While it can be easy for startups to let communications fall by the wayside, especially during turbulent times, Greentown Labs partner Captains of Industry says now is when it’s most crucial for you to have “the right message for the right audience at the right time.” And what’s more, they have an actionable plan you can follow to develop that message.
In a presentation to the Greentown community this May, Captains of Industry put forward a communications toolkit based around three principles. The creative content marketing firm, which is based in Boston, focuses on renewable energy as one of its core sectors.
Here’s a roadmap for zeroing in on your audience, understanding your place in the market, and effectively communicating your core values:
Principle #1: Know your audience
Hone in on who the specific audience is for your company, and then learn everything you can about them. Think of it this way: who do you need to say “yes” in order for you to be successful? A message that’s broadened to multiple audiences can lose its impact, so don’t cast too wide a net—as Ted Page, co-founder and creative director of Captains of Industry, explained, “If you’re talking to everyone, you’re not talking to anyone.”
How to do it:
Put together a set of questions that will help you understand your audience: their pain points, what they care about, what they think of your competitors, how COVID-19 is affecting them, and more. Then ask those questions to six to 10 people who are part of your audience—or more!
Principle #2: Understand today’s market ecosystem
Identify what cultural, economic, and other factors are shaping the current market and impacting how your audience experiences your brand.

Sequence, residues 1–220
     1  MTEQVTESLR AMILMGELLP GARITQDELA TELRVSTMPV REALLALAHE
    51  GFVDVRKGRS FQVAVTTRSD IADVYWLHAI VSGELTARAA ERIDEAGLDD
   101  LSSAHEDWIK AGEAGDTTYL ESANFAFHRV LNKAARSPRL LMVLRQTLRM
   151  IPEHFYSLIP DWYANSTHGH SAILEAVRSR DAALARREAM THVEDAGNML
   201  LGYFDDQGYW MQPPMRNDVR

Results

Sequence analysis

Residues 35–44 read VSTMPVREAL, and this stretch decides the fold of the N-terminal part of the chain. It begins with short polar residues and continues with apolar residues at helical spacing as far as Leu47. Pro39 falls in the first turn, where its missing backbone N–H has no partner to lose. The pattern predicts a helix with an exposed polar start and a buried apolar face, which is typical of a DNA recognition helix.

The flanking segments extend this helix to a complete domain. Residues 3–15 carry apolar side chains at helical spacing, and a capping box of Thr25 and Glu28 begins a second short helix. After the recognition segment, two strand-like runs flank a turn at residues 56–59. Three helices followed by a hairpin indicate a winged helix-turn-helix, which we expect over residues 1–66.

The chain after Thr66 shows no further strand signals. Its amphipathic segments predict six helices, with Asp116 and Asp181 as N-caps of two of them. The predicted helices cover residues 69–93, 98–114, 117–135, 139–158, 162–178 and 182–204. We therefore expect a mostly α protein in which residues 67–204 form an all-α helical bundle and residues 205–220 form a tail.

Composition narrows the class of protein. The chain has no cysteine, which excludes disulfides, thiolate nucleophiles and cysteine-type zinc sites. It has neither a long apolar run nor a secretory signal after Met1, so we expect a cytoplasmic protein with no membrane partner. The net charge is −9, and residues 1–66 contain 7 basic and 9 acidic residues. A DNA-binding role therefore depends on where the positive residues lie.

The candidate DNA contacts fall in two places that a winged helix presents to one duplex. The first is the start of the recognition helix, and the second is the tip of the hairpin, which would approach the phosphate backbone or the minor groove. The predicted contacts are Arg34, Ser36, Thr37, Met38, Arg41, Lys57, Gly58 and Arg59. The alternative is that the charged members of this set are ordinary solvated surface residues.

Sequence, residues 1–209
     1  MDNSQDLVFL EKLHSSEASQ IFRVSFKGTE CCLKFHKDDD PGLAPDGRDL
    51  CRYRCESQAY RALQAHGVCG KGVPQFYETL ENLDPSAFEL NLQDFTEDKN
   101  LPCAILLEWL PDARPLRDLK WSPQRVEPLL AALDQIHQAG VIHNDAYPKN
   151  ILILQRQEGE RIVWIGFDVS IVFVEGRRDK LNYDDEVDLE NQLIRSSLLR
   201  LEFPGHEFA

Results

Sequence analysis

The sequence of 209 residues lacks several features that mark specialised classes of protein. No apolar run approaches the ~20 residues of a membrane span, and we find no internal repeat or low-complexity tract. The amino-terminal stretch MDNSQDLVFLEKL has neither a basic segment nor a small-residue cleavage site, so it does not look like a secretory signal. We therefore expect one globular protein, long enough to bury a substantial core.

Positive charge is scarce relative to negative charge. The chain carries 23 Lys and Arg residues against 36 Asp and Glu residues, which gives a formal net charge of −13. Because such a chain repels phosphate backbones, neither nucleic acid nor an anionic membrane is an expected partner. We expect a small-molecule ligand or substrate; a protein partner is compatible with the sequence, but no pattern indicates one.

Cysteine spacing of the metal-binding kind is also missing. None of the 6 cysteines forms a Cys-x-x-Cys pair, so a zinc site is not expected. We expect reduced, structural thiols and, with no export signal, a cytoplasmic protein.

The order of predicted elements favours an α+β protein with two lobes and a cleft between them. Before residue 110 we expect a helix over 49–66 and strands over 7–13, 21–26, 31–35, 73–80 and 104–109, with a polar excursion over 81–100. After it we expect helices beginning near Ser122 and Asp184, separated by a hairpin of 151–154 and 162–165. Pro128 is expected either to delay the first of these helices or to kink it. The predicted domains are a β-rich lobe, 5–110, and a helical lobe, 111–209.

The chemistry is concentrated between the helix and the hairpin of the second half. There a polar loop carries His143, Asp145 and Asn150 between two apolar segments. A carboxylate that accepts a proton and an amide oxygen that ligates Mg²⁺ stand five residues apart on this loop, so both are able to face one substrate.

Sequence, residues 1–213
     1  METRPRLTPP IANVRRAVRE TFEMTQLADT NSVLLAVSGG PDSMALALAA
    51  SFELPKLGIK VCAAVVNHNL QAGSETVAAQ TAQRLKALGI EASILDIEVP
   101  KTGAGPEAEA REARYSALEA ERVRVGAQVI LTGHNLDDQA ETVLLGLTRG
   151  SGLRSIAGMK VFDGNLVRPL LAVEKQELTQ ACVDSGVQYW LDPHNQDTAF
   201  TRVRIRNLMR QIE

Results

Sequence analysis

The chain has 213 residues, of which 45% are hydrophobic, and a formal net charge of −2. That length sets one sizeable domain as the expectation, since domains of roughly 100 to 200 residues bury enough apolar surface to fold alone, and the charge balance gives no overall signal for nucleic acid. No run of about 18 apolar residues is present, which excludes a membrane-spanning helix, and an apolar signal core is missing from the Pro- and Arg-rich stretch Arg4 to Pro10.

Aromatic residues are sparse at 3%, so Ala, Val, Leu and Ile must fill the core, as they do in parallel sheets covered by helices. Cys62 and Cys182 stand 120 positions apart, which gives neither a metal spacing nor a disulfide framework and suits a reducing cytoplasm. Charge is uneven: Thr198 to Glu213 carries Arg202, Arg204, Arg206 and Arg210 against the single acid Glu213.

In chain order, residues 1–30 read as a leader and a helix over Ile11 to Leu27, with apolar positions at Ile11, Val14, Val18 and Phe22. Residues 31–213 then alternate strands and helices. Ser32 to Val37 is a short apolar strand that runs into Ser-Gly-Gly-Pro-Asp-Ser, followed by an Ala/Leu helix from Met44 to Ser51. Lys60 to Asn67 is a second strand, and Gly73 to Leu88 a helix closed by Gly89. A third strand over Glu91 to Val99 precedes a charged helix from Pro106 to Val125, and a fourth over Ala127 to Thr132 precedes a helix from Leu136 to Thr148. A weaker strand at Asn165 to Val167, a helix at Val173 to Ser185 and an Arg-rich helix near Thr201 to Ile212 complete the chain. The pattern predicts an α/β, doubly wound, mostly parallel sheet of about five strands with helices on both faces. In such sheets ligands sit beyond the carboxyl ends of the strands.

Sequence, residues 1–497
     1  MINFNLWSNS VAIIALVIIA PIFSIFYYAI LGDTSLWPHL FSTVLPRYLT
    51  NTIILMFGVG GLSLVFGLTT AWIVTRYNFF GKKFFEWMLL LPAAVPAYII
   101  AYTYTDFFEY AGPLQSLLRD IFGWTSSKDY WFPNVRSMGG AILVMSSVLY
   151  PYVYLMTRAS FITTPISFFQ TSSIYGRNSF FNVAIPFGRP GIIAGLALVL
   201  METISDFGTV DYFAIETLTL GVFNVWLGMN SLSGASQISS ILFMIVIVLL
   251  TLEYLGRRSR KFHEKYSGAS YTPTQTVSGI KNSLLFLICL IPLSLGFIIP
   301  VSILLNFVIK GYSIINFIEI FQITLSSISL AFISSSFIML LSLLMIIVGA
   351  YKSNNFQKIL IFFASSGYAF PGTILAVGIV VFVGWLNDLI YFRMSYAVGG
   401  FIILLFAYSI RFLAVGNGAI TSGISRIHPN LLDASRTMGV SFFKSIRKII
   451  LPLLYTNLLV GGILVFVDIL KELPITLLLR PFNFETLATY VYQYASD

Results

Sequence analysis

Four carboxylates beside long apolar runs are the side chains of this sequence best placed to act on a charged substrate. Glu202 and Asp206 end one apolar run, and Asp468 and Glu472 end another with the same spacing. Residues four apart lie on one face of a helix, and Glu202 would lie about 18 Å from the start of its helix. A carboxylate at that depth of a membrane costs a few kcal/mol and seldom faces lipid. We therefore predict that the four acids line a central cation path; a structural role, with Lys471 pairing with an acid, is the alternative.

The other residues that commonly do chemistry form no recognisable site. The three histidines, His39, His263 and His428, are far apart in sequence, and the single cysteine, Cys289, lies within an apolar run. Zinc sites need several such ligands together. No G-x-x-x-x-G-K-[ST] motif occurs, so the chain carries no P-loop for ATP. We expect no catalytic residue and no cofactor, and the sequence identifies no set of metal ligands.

How to do it:
Look into how your competitors are positioning themselves in the market by investigating how they’re telling their story through their websites, social media channels, and other communications platforms. You can also turn to the news and social media to study trends that may affect your market. Once you’ve gathered all this information, conduct a SWOT analysis—a chart of your company’s strengths, weaknesses, opportunities, and threats—to pinpoint yourself in the market relative to your competitors.
Principle #3: Create a “brain velcro” message
Communicate the one core idea that you want to communicate to your audience about your brand. This should be an idea that, based on all of your research, will make your specific audience say “yes.” The right message will stick in the heads of your audience like “brain velcro,” Page explained, referencing a concept coined by Chip and Dan Heath, authors of “Made to Stick: Why Some Ideas Survive and Others Die.”
How to do it:
Articulate your core idea, then write a paragraph expanding on that idea. From there, winnow it down, removing as many words as you can. Clarity and brevity are important: “If you can make your idea as compact as possible, you have a better chance of it sticking,” Page said. These few words that communicate the essence of your brand will become your tagline—a short, catchy, impactful phrase that will stick with your specific audience.
These three principles in action:
Captains of Industry worked with UPC Wind, a Massachusetts wind energy startup trying to build projects in rural areas, during the Great Recession. UPC Wind’s tagline—“Feel the Wind. Think Clean.”—wasn’t resonating with the leaders of communities whose top priorities were economic growth and new jobs rather than clean energy. UPC Wind became First Wind and swapped its tagline for “Clean energy. Made here.” This new brand emphasized local innovation, leadership, and growth. Following its change in messaging, First Wind was able to get projects off the ground and later sold for $2.4 billion, according to Page.
This case study underscores the three principles Captains of Industry articulated—understanding the audience who you need to say “yes” (local mayors), making sense of the current market ecosystem and factors at play (the Great Recession, for one), and creating an impactful message that’s tailored to your audience (“Clean Energy. Made here.”). First Wind’s success after its rebrand demonstrates the power of effective messaging, even—and especially—during challenging times.
This session on communications is part of Greentown Labs’ commitment to support startups as they navigate the impacts of COVID-19. To learn more about these efforts, follow us on Twitter or check out our blog.